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Native Dancer

Wayne Shorter

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Album Review

Some jazz purists would say that Wayne Shorter went downhill in the 1970s, when he passionately embraced electric jazz-fusion and co-led the innovative Weather Report with Joe Zawinul. But remember: Those are the same people who also claim that Miles Davis' stunning Bitches Brew has no value and that Chick Corea's visionary Return to Forever was a complete waste — so it's hard to take their opinions seriously. The fact is that the 1970s were a highly productive time for Shorter, and it wasn't until the 1980s that the tenor and soprano saxophonist really declined creatively. One of Shorter's best-selling albums from the 1970s was Native Dancer, a Brazilian-oriented jazz-fusion masterpiece that boasts Herbie Hancock on acoustic piano and electric keyboards, and employs such Brazilian talent as singer Milton Nascimento (a superstar in Brazil) and percussionist Airto Moreira. Everything on this melodic, consistently lyrical effort is a jewel, and that includes Hancock's "Joanna's Theme" as well as pieces by Nascimento ("From the Lonely Afternoons," "Ponta de Areia," "Tarde," "Lilia," and "Miracle of the Fishes") and by Shorter himself ("Ana Maria," "Beauty and the Beast," and "Diana"). Reissued on CD by Columbia in 1990, Native Dancer is clearly among Shorter's most essential albums.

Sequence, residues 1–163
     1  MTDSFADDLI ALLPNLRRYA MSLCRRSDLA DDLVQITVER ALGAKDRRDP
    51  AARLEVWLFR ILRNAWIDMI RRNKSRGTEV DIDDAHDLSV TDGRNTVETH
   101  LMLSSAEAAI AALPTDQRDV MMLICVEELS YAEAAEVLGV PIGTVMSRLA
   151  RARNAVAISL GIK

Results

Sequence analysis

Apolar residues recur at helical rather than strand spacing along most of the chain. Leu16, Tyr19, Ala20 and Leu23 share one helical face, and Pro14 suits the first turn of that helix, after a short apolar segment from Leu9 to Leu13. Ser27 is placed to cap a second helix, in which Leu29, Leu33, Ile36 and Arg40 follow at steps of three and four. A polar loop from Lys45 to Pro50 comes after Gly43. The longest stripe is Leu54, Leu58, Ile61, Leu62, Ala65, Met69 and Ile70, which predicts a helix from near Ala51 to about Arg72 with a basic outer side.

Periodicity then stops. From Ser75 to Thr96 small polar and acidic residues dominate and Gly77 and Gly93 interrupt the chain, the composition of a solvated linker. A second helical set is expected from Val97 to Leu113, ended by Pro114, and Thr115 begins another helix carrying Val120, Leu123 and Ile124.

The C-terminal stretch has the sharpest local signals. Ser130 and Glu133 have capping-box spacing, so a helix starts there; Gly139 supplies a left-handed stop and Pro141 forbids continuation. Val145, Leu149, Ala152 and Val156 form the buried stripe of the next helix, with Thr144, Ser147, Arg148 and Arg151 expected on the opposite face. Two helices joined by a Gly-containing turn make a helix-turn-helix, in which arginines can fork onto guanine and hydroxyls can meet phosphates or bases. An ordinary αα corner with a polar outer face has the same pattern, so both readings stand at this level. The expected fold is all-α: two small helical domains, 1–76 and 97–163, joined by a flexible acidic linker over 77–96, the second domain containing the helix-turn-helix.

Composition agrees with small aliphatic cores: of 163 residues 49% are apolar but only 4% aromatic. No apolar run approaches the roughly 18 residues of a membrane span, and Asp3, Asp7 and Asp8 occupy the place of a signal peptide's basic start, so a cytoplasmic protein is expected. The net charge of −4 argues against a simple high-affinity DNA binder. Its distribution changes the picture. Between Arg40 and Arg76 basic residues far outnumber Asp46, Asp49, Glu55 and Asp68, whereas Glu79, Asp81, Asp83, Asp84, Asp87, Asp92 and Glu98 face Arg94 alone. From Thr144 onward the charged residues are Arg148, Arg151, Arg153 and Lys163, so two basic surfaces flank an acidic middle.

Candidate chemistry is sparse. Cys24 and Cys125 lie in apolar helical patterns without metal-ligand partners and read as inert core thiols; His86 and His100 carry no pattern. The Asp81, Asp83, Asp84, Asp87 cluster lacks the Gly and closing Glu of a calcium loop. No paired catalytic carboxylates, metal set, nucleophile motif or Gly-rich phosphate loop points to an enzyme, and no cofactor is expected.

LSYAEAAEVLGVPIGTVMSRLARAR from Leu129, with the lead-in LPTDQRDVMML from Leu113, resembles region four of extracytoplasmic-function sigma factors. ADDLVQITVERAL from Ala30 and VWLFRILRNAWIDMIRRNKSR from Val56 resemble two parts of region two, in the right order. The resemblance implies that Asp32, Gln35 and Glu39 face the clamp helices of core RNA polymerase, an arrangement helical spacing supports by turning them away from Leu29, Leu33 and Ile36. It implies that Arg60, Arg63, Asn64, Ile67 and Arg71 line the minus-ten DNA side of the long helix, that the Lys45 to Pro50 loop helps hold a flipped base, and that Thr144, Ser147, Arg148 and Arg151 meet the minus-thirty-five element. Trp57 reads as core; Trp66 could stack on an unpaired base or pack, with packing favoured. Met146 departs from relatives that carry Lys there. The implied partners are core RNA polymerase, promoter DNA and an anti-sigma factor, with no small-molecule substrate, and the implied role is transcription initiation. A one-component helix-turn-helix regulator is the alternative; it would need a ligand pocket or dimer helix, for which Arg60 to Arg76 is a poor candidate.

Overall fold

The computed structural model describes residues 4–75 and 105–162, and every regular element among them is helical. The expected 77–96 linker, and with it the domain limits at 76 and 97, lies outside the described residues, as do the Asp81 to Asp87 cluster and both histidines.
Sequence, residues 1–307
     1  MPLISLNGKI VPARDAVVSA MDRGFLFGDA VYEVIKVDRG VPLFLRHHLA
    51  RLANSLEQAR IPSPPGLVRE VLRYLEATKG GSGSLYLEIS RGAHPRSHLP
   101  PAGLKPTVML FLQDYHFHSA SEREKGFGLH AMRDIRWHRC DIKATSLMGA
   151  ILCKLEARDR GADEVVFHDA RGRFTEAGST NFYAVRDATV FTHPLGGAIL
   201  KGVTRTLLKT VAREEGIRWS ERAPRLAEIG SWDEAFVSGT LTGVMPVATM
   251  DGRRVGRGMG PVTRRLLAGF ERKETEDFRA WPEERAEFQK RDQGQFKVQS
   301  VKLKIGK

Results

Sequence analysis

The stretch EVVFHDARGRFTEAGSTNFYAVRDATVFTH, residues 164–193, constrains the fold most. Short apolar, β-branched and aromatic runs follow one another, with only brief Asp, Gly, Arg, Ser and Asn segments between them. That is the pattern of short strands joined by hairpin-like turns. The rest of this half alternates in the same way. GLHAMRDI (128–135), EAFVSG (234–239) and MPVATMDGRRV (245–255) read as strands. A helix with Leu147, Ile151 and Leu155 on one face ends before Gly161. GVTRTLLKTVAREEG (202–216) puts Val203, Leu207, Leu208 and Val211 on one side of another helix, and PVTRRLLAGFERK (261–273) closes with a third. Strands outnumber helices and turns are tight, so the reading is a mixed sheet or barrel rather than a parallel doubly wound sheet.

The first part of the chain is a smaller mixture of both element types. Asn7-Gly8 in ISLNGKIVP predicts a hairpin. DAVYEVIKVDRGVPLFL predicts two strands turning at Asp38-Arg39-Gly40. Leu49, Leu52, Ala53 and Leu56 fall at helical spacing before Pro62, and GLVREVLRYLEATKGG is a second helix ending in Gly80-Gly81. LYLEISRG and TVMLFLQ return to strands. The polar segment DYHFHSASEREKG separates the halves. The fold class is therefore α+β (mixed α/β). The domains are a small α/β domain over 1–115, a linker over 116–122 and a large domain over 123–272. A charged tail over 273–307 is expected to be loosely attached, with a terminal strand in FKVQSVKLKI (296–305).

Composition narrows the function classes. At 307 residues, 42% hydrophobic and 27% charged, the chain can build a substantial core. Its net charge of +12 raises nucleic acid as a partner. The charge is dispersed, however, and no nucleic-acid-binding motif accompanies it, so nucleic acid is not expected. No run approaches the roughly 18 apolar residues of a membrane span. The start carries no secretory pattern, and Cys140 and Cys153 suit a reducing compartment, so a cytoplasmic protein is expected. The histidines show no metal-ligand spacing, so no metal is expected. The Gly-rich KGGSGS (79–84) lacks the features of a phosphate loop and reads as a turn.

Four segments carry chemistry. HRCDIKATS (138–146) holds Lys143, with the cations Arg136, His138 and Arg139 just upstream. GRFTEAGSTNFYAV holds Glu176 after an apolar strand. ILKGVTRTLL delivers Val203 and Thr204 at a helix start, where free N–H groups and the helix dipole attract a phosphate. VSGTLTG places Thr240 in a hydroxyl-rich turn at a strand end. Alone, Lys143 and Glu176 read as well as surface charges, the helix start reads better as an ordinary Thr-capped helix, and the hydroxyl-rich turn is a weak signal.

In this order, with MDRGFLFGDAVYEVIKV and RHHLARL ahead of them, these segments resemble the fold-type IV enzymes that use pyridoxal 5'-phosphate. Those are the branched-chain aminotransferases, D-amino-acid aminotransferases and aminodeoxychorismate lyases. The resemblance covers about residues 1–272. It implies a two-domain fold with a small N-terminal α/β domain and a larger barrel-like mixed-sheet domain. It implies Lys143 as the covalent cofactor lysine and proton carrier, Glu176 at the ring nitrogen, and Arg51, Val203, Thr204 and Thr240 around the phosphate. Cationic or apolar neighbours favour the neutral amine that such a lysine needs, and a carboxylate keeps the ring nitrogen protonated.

Biography

Born: 25 August 1933 in Newark, NJ

Genre: Jazz

Years Active: '50s, '60s, '70s, '80s, '90s, '00s, '10s

Though some will argue about whether Wayne Shorter's primary impact on jazz has been as a composer or as a saxophonist, hardly anyone will dispute his overall importance as one of jazz's leading figures over a long span of time. Though indebted to a great extent to John Coltrane, with whom he practiced in the mid-'50s while still an undergraduate, Shorter eventually developed his own more succinct manner on tenor sax, retaining the tough tone quality and intensity and, in later years, adding an element...
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